The International Cotton Advisory Council’s (ICAC) October report said declines are expected in cotton area, yields, production and stocks. This has contributed to a projected rise in the Cotlook A index, an average of global cotton prices, to 90 cents per pound compared to 88 cents per pound during 2017-2018.
In the United States, spot prices averaged 74.96 cents per pound for the week ending Sept. 27, 2018, down from 76.10 cents per pound a week earlier, but up from 67.34 cents per pound in the year-ago period, according to the U.S. Department of Agriculture (USDA). While the Carolinas and Virginia represent about 6 percent of U.S. cotton cultivation, and Hurricane Florence came rather late in the growing season, damage done to crops and fields could cut into supply and add price pressure in the near term. The USDA said clean-up efforts were under way and producers continued to assess damage from the storm.
“Reports indicated heavy yield losses in these areas, as cotton was blown out of the boll or strung out from storm winds,” the USDA said. “Local experts also reported seed sprouting in bolls that were drenched from the storm. In Virginia, fieldwork remained at a standstill due to wet conditions. Elsewhere in the Carolinas, defoliation was expanding and harvesting was under way in the earliest-planted fields.”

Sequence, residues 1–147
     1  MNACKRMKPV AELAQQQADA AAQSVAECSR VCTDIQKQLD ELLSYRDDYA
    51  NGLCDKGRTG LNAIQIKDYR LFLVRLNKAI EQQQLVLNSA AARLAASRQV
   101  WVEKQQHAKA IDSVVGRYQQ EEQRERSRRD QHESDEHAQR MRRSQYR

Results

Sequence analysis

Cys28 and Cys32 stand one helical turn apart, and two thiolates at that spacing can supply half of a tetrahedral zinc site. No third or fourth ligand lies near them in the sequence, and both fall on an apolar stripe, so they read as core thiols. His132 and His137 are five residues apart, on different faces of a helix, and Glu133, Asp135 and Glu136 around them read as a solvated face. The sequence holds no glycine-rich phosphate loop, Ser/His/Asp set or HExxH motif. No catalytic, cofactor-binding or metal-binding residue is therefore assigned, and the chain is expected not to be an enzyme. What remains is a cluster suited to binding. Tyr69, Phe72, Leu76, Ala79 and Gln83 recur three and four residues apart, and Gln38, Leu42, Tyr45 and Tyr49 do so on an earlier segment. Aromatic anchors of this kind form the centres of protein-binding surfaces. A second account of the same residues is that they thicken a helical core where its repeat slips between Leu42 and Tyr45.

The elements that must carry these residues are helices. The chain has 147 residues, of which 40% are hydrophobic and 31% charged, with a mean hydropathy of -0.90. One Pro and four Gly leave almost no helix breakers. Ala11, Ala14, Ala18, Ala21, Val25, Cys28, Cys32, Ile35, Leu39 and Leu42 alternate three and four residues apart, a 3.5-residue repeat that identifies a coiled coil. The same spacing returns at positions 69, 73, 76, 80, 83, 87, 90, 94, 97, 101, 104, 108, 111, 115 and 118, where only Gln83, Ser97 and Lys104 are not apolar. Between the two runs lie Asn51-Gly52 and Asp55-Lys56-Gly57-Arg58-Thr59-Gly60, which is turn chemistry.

ICAC’s report projected global cotton area to fall 2 percent, to 33.4 million hectares, while yields are expected to decline 1 percent, to 777 kilograms per hectare, remaining close to the 10-year average of 770 kilograms per hectare. The forecast is for global production to fall 4 percent, to 26 million tons, and worldwide stocks are seen declining to 17.2 million tons.
“The decrease in stocks comes from China, with the rest of the world’s inventory remaining steady at 10.2 million tons,” ICAC said. “With only 7.1 million tons in its warehouses, the lowest number since 2011-12, China is expected to import 2 million tons of fiber for its mills in 2018-19.”
India will remain the leader in cotton plantings with 11.9 million hectares, even with an expected 2 percent falloff, according to the report. The United States is expected to remain the top exporter at 3.5 million tons, and the second- and third-largest importers after China are expected to be Bangladesh and Vietnam, at 1.8 million tons and 1.7 million tons, respectively, ICAC said.